Judge Gordon Sullivan prefers DVDs to VHS, thanks to the relative lack of evil spirits.
The last videotape you will ever watch
There's an old proverb (supposedly Russian) that states, "The marvel isn't how well the bear dances, but that it dances at all." Of course, the message is to be more impressed by an unlikely occurrence than by how good or ill the occurrence could be judged by normal standards. It's a fine way to approach the world—finding the miraculous even in the incompetent—but I'm not sure it's a good way to sell a film.
I mention this because the flick Slaughter Tales has two main attractions. The first is that it's cashing in on a wave of nostalgia for VHS tapes and culture (more on that in a moment) and the fact that it was written, directed, edited, and stars a 15-year-old guy doing 99% of the movie (Johnny Dickie). This is really a case of it being a miracle that the bear dances (or the movie got made) than the dance (or film) being particularly marvelous.
Slaughter Tales tells a pretty simple story: a young man (Johnny Dickie) steals a VHS tape from a local thrift market. Before he attempts to watch it, a spirit (also Johnny Dickie) warns him that watching the tape is dangerous and had disastrous consequences for him, the spirit. Of course the young man watches the tape anyway, and we do too, as five stories play out for us with the teen's commentary (usually about how bad the stories are) interspersed as we await the inevitable unhappy ending.
DVD will probably always be the medium I look back on most fondly; all those special features and early double-disc sets really fueled a burgeoning love for cinema during my teenage years. However, I have total sympathy with VHS collectors. I remember those oversized clamshell cases and lurid cover art. Probably because each tape was so expensive, it seemed like more VHS covers were faced out, making them more significant for marketing. It's no surprise, then, that in the age of the Internet, people congregate to trade and collect VHS tapes, waxing rhapsodic about the good old days.
Slaughter Tales emerges from that kind of online VHS fandom. Johnny Dickie is an avid collector of VHS tapes, and everything about Slaughter Tales (except for the packaging, which isn't a giant clamshell, sadly) harkens back to that mid-to-late-eighties heyday when horror films ruled the rental roost (mostly due to low budgets and high demand for any kind of content). The flick is shot on video, and looks like it's trying to replicate those early shot-on-VHS efforts (think Redneck Zombies). Pretty much all of the effects are practical, including some stop-motion work, and the actors (besides Dickie) are all pretty much the kind of amateur performers one expects in this kind of low-budget flick (though the cameo by Lloyd Kaufman is a plus in my book).
I want to tell you that it works, that Slaughter Tales is a brilliant evocation of a bygone era of filmmaking, when men were men and blood was dyed Karo syrup. If Slaughter Tales is an evocation of that, it's an evocation of the worst of that period. That, in itself, is not necessarily a problem, but beyond Dickie's obvious enthusiasm for VHS-era horror, nothing about Slaughter Tales is particularly appealing. The weird widescreen look of the film doesn't effectively use the 1.33:1 VHS frame, and though that seems like a small thing, it actually makes the world of Slaughter Tales more difficult to inhabit. I can't blame a guy for trying, but when Slaughter Tales is the result, I think it would be more appropriate as a series of YouTube videos.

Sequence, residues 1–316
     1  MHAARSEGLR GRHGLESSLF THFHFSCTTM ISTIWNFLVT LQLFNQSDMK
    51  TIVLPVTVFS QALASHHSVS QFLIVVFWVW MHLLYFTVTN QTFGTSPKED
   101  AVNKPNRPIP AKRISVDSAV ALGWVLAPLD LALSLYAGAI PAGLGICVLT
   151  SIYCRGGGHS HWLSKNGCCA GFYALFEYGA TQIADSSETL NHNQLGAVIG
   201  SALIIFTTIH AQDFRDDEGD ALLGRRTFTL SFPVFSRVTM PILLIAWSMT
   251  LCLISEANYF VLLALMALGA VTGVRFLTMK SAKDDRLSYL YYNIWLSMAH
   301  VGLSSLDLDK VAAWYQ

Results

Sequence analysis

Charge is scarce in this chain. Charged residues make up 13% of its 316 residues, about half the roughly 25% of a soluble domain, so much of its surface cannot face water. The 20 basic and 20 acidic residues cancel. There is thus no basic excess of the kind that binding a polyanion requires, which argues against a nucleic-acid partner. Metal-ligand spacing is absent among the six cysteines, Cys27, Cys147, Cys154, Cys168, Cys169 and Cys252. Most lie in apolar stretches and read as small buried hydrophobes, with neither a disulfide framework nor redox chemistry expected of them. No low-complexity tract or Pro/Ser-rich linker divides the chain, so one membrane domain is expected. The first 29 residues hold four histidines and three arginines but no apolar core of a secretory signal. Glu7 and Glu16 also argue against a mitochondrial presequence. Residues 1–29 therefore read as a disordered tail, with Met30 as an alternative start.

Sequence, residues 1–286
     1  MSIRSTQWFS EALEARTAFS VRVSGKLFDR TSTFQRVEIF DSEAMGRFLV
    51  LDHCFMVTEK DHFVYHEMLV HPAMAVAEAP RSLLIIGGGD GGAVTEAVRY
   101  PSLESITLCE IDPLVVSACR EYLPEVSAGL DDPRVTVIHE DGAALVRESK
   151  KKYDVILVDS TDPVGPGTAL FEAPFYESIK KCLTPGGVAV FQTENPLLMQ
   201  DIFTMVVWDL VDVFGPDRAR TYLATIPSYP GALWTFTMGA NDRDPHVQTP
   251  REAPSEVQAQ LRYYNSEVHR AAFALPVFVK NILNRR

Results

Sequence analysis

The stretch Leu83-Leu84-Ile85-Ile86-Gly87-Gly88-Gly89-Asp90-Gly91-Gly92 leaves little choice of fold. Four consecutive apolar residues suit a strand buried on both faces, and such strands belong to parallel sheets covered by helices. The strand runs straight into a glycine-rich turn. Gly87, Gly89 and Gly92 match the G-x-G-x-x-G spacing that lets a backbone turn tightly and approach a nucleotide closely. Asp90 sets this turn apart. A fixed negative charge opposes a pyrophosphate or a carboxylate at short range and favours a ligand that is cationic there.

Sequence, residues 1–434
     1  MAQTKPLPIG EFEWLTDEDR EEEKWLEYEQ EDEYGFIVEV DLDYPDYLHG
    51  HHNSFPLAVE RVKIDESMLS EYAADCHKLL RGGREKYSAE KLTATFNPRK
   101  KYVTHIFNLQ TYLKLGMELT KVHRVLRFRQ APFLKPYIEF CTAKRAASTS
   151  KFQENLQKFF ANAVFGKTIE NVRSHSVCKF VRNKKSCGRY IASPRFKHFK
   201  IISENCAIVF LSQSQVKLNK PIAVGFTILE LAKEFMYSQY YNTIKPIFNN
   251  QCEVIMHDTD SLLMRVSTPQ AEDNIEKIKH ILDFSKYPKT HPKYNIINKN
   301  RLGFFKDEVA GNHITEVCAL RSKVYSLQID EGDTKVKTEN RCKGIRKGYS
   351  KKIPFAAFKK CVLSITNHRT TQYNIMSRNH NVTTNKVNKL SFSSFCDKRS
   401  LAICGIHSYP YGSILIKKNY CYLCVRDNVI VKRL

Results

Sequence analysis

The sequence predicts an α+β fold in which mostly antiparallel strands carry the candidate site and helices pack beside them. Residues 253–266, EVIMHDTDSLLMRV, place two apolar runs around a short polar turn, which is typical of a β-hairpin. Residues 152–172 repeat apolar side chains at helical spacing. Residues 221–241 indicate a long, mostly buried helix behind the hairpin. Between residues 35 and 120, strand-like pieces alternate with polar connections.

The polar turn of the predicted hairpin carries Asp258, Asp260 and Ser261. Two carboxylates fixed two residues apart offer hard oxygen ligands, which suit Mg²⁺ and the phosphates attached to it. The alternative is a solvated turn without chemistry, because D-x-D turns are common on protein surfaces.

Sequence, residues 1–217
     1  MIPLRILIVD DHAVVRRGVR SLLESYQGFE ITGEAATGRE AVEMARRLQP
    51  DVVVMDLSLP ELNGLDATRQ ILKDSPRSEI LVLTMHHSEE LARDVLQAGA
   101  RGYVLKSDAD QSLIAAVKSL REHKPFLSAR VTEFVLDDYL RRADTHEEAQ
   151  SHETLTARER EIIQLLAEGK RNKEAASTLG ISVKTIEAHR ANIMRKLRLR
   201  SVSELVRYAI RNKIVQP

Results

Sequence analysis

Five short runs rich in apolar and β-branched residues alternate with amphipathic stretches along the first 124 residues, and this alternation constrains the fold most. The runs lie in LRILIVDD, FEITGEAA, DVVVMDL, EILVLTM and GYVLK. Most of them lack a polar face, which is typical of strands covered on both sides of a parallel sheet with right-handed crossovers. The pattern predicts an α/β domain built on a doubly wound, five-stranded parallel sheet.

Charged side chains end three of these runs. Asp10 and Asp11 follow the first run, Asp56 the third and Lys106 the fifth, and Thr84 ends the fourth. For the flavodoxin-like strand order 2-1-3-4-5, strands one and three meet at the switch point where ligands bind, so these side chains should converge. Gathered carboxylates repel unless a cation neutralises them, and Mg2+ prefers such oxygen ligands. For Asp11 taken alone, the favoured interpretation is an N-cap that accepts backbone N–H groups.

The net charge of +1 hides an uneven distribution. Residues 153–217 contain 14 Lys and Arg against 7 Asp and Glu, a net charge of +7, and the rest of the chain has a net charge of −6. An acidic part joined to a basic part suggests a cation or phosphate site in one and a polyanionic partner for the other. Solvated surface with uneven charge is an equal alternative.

However, what Johnny Dickie has learned from the DVD era is to pack your disc full of extras. It's barely worth discussing the flick's audiovisual presentation, but it's a fine 1.33:1 representation of the VHS-like aesthetic; any compression problems or lack of clarity are due to emulating that look rather than problems with the transfer. Similar, the audio has a warts-and-all approach that keeps things audible but without much pizzazz. Extras, however, are pretty engaging. Dickie and "VHSSHITFEST" pair up for a commentary, with Dickie responding to questions posed by his partner in crime. The presence of a moderator keeps things moving, and Dickie dishes on production info, his influences, and a general enthusiasm for horror's past. Two featurettes follow. The first takes a more general look at the making of the film, while the second looks at its decidedly old-school brand of special effects. Finally, the disc rounds out with two trailers for the film (which are, ultimately, more amusing than the feature from which they are cut).
There may be some horror hounds out there who would enjoy Slaughter Tales, perhaps those with a fetish for non-CGI gore effects, but even most horror hounds are going to have a hard time with this piece of horror nostalgia. In another era, this flick would have remained on VHS, circulated to Dickie's friends, perhaps shown to potential investors in his first "serious" movie, but in the age of DVD, it's getting a release. Though I don't want to discourage a young (and fairly talented) director, Slaughter Tales probably should have stayed on VHS.
The court will look kindly on Dickie's future features, but this one is guilty.
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Scales of Justice
Studio: MVD Visual
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